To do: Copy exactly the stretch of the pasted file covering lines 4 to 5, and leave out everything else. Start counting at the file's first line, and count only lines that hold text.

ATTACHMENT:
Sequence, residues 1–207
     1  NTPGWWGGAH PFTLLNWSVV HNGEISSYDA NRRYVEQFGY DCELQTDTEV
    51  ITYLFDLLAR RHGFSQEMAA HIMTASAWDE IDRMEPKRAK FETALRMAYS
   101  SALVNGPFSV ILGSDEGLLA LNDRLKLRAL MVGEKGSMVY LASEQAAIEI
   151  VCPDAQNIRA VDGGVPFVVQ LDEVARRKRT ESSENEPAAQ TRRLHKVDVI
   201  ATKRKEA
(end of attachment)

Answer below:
   101  SALVNGPFSV ILGSDEGLLA LNDRLKLRAL MVGEKGSMVY LASEQAAIEI
   151  VCPDAQNIRA VDGGVPFVVQ LDEVARRKRT ESSENEPAAQ TRRLHKVDVI